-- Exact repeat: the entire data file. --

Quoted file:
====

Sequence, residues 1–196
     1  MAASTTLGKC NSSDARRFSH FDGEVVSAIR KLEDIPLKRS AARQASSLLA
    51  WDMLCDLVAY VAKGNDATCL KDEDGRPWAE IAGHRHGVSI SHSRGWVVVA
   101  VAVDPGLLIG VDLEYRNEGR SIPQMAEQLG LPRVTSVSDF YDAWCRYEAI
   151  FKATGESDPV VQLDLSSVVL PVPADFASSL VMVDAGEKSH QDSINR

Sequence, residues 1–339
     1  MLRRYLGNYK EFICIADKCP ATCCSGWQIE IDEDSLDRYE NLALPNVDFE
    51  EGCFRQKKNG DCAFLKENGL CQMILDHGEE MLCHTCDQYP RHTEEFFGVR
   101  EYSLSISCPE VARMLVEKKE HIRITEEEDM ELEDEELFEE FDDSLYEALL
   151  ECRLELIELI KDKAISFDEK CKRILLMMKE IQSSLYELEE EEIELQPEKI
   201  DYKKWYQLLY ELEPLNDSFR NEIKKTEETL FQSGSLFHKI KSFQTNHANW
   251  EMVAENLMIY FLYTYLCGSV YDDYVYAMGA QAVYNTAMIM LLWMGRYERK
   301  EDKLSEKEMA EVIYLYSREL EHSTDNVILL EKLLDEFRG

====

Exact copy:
Sequence, residues 1–196
     1  MAASTTLGKC NSSDARRFSH FDGEVVSAIR KLEDIPLKRS AARQASSLLA
    51  WDMLCDLVAY VAKGNDATCL KDEDGRPWAE IAGHRHGVSI SHSRGWVVVA
   101  VAVDPGLLIG VDLEYRNEGR SIPQMAEQLG LPRVTSVSDF YDAWCRYEAI
   151  FKATGESDPV VQLDLSSVVL PVPADFASSL VMVDAGEKSH QDSINR

Sequence, residues 1–339
     1  MLRRYLGNYK EFICIADKCP ATCCSGWQIE IDEDSLDRYE NLALPNVDFE
    51  EGCFRQKKNG DCAFLKENGL CQMILDHGEE MLCHTCDQYP RHTEEFFGVR
   101  EYSLSISCPE VARMLVEKKE HIRITEEEDM ELEDEELFEE FDDSLYEALL
   151  ECRLELIELI KDKAISFDEK CKRILLMMKE IQSSLYELEE EEIELQPEKI
   201  DYKKWYQLLY ELEPLNDSFR NEIKKTEETL FQSGSLFHKI KSFQTNHANW
   251  EMVAENLMIY FLYTYLCGSV YDDYVYAMGA QAVYNTAMIM LLWMGRYERK
   301  EDKLSEKEMA EVIYLYSREL EHSTDNVILL EKLLDEFRG